Blue Dogs said they shared that goal, but they also want deficits eliminated in 10 years.
In their letter, the Blue Dog leaders acknowledged that the commission's work would be "extraordinary difficult."
Obama wants the panel to produce a final report with policy recommendations in December. The recommendations must have approval of 14 of the commission's 18 members to make it in the final report, which Democratic leaders in Congress have pledged to bring up for floor votes.
Six of the members are GOP lawmakers, six are Democratic members and six are selections by Obama. The group is expected to consider changes to tax, spending and entitlement policies as they try to find savings.
The Blue Dogs who signed the letter were Reps. Stephanie Herseth Sandlin (D-S.D.), Baron Hill (D-Ind.), Jim MathesonJim MathesonWork begins on T infrastructure plan New president, new Congress, new opportunity First black GOP woman in Congress wins reelection MORE (D-Utah) and Heath Shuler (D-N.C.).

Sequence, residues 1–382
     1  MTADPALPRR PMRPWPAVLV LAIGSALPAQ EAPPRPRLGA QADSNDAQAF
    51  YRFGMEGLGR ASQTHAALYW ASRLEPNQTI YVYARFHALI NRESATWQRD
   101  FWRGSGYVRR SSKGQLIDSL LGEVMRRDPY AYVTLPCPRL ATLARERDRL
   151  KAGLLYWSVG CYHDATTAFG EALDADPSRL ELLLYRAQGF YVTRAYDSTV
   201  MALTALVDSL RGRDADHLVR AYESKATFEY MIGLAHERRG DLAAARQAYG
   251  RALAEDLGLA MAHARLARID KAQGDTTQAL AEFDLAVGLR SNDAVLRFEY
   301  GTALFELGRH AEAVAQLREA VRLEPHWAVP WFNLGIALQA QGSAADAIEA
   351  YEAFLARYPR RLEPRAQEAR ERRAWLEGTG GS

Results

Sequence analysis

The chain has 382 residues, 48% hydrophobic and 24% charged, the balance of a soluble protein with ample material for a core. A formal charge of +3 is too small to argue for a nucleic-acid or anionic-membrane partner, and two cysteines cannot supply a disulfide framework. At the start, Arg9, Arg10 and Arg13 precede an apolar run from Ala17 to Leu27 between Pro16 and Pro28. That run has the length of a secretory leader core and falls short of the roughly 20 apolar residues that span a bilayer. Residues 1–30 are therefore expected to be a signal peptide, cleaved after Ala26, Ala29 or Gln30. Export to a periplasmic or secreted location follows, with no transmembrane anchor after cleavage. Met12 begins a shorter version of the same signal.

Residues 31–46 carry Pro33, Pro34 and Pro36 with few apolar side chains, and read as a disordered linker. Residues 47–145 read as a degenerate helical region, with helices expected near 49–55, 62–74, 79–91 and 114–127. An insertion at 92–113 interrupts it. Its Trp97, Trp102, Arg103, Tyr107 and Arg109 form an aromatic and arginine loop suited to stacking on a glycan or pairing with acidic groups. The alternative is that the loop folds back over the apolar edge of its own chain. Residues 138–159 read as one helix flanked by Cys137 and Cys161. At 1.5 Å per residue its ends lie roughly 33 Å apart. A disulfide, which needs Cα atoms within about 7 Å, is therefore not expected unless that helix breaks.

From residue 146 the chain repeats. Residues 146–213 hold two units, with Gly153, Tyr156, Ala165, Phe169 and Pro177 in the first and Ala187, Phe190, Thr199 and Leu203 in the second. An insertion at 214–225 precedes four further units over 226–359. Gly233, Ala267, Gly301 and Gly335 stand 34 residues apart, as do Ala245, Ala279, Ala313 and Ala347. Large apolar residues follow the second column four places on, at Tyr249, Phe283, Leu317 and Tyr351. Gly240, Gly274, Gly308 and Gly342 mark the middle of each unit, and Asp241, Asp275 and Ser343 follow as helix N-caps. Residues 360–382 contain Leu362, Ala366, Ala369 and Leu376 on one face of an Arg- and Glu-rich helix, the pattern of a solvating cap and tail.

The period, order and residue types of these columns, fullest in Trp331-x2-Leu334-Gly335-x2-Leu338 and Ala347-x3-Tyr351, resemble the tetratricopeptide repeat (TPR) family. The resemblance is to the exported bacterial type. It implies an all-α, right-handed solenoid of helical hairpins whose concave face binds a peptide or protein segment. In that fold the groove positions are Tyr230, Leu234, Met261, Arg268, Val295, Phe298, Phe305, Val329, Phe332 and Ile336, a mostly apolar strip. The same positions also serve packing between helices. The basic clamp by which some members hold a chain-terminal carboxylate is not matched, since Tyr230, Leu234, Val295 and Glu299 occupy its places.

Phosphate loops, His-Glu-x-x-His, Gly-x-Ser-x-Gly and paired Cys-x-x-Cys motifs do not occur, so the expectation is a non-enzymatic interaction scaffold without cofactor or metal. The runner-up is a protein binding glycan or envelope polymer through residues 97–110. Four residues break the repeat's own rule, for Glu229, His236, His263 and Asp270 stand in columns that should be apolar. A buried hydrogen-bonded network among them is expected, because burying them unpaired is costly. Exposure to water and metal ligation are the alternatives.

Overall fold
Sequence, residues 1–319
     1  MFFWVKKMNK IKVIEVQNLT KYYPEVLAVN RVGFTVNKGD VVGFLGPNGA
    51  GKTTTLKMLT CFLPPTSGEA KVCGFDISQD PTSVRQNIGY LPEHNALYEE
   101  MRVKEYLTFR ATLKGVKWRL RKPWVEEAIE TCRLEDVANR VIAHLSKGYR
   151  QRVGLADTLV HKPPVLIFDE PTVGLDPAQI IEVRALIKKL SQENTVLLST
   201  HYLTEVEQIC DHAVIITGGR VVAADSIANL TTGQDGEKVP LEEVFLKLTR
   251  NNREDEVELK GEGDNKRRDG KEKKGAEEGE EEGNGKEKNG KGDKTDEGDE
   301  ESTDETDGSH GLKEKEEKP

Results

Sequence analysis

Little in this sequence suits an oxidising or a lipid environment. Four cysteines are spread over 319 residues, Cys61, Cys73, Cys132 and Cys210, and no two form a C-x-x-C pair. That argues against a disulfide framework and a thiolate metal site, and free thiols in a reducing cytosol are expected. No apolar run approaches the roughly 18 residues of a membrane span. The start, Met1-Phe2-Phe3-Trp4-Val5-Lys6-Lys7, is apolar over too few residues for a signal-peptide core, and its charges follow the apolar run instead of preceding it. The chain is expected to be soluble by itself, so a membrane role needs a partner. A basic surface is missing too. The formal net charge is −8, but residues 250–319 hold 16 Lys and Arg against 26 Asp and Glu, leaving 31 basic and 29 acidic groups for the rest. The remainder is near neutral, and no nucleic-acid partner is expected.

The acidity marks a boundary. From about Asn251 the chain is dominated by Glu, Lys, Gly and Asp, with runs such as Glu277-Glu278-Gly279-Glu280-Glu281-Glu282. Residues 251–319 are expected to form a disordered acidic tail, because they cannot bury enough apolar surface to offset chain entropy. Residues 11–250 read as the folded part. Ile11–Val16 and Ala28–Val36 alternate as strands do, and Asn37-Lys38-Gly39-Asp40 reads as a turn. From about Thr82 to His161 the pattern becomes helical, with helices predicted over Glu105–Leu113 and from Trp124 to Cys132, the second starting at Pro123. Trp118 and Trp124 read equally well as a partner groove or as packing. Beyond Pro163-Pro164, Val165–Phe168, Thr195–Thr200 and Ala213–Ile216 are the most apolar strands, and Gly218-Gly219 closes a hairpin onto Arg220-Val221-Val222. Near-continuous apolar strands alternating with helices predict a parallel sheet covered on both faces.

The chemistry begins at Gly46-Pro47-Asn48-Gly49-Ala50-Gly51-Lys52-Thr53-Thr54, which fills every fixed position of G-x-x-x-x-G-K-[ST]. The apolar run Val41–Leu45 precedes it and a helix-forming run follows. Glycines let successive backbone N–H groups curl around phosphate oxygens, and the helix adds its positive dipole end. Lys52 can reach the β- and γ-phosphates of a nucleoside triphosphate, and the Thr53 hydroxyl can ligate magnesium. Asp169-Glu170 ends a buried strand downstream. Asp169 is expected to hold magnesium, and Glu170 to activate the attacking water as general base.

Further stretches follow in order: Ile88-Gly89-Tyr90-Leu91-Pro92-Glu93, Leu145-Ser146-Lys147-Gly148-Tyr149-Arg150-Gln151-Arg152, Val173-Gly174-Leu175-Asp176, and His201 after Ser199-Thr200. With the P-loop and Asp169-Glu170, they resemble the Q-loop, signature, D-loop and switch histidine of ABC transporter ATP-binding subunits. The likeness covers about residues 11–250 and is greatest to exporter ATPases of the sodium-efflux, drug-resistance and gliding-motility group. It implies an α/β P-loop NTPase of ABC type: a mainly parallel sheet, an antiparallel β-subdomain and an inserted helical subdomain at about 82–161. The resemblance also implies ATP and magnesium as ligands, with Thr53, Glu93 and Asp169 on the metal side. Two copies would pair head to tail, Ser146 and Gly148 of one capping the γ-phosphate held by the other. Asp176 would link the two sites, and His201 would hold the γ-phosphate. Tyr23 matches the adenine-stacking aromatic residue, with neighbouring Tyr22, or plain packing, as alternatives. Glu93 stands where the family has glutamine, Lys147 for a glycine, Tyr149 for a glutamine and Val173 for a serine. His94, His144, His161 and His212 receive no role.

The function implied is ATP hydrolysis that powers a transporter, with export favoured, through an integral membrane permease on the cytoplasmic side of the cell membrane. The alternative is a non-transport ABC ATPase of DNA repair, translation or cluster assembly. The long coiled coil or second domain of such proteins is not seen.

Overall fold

They urged the White House panel to "engage the public," partly by having C-SPAN broadcast parts of its meetings. They also called on the panel's members to "consider all options" and "set politics aside" in trying to come up with a fiscal plan.
"The fiscal commission's recommendations should, at a minimum, create the foundation for future congressional action, reforming our budget processes where appropriate, and be accompanied by statutory fiscal controls," the Blue Dogs wrote.
The commission is scheduled to have its first meeting on Tuesday.